Some Reflections on Veterans’ Day

Why is Veterans’ Day so important to Americans?  Some think the answer is because we have an inherently militaristic society, ready to celebrate war at the drop at a hat.  Or because the military-industrial complex benefits from the political fires that can be stoked by the emotional appeal of the day.

But none of that is true.  In fact, it is the exact opposite which is true. In America, we do not have a “military class,” as many societies, present and past, have had.  Our military is drawn from American communities, some average, some extraordinary, which to one extent or another represent American values.  We don’t have a militaristic society in America, we have an American society in America’s military.

We do not sequester our future soldiers at infancy, to be raised as warriors.  Rather, our warriors were raised as Americans, then called to a duty to protect American values.  So our soldiers, sailors, airmen, Marines, and Coast Guardsmen, grew up as the kid down the street, the girl in glee club, the guy who was a whiz at math, the kid who couldn’t stand school, and the kid who loved it.  They are the sons and daughters, mothers and fathers, brothers and sisters, of ordinary people. That is why we find veterans of all ethnic groups, religions, and political opinions in our society today.

While it’s not correct to say that America is a militaristic society, it is correct to say that America is a “militia” society.  What does that mean?  It means that we are a society that frankly abhors a narrow monopoly of a military.  This is evident in American history and law. Historically, our colonies did not have large standing armies.  Defense was an obligation shared by all.  And as the colonies federated into the United States of America, nearly every state had or has a statute defining the militia, usually words to this effect:

The militia of the State consists of all able-bodied male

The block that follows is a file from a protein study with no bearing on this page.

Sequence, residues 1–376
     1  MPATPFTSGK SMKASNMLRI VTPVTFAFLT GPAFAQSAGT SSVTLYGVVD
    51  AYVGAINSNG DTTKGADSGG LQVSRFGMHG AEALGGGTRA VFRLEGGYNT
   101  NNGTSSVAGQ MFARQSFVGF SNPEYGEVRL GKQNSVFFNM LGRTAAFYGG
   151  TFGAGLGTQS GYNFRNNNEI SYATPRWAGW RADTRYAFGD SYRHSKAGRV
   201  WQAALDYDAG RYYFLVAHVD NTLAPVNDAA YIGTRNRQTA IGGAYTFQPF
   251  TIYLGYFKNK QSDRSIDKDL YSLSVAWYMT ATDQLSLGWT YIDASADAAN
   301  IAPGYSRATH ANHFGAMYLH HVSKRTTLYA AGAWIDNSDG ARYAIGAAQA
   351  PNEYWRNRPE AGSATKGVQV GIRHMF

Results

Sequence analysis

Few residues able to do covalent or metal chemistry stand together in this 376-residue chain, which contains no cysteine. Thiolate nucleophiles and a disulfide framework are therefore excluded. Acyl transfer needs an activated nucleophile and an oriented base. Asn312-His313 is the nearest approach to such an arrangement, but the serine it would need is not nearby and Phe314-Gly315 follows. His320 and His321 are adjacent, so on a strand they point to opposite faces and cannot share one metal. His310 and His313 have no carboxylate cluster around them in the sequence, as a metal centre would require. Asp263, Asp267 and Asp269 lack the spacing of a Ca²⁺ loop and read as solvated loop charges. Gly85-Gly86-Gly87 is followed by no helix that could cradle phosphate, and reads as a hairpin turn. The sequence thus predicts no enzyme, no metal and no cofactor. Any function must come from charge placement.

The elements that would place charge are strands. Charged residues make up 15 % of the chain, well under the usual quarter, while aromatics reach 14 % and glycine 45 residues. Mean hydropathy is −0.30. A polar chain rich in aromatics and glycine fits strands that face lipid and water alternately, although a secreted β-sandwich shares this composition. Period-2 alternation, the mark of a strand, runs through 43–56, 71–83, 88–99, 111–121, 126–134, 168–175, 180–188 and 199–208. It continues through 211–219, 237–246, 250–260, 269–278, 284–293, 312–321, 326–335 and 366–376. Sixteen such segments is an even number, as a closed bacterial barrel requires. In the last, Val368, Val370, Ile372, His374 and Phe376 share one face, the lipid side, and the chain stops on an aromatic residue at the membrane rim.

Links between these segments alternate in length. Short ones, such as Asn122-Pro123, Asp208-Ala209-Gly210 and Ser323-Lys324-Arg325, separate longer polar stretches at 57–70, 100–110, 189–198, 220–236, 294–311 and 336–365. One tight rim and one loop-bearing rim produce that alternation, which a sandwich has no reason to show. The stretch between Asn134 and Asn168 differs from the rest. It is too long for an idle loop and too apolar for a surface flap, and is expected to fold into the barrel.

citizens and all other able-bodied males who have declared their
intention to become citizens of the United States, who are between
the ages of eighteen and forty-five, and who are residents of the
State, and of such other persons as may upon their own application be
enlisted or commissioned [this clause includes women].

Calif. Military &  Veterans Code, section 122.

Federal law  is virtually identical:

The militia of the United States consists of all able-bodied males at least 17 years of age and, except as provided in section 313 of title 32, under 45 years of age who are, or who have made a declaration of intention to become, citizens of the United States and of female citizens of the United States who are members of the National Guard.

Title 10, United States Code, section 311(a).

State Governors and the President of the United States may call their respective militias as specified in law.  This is the manifestation of defense as civic community duty in a democratic society.  So if we have a special military caste in America, we’re all in it.

Even in America’s major wars, the notion of citizen as solider has held fast.  That this notion has often been effectuated by “conscription” is of no moment at all.  The draft is merely a method by which the state decides which members of militia will be assigned duties and in which order.

“But,” one may protest, “the militia society concept is at sharp odds with the large standing military establishment the United States maintained in the Cold War.”  I say, “Not so.”

In the first three decades of the Cold War, the defense establishment of the nation was sustained by the selection of members of the militia to serve short tours of active duty.  Some of these members were chosen by “conscription” and some were volunteers.  In  1973, the United States stopped its active draft and created an “all volunteer force.”  Many predicted at the time that this was a move which endangered democracy by enhancing the potential to segregate the military from mainstream American values.  At the time, I was one who held this view. (Full disclosure: I joined the soon-to-be “all volunteer force” in 1972 and was an active participant for the next thirty-four years in one form or an other.)  Now having observed the “all volunteer force” for four decades, I am convinced that the military is not estranged from American society, that we have not created an elite warrior class to lord it over the rest of us and the rest of the world.  We continue have a a force made up ordinary people called upon, from a variety of motives, to participated in the “organized” militia or the “active” militia which makes up our defense.  [I use these terms to include the standing active duty forces as well as the reserve components, the latter having been the original historical militia].

The point is that military veterans are at their core, a reflection of the families and communities from whence they come.  The celebration of veterans is a celebration of the best of what we are collectively.  The greatest threats to our liberty will come from a failure to recognize and embrace the manifestation and triumph of our shared values, values so transcendent, that millions of our fellows have been willing to risk their very lives in their defense.

And that’s why Veterans Day is a big deal to Americans.


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November 2010
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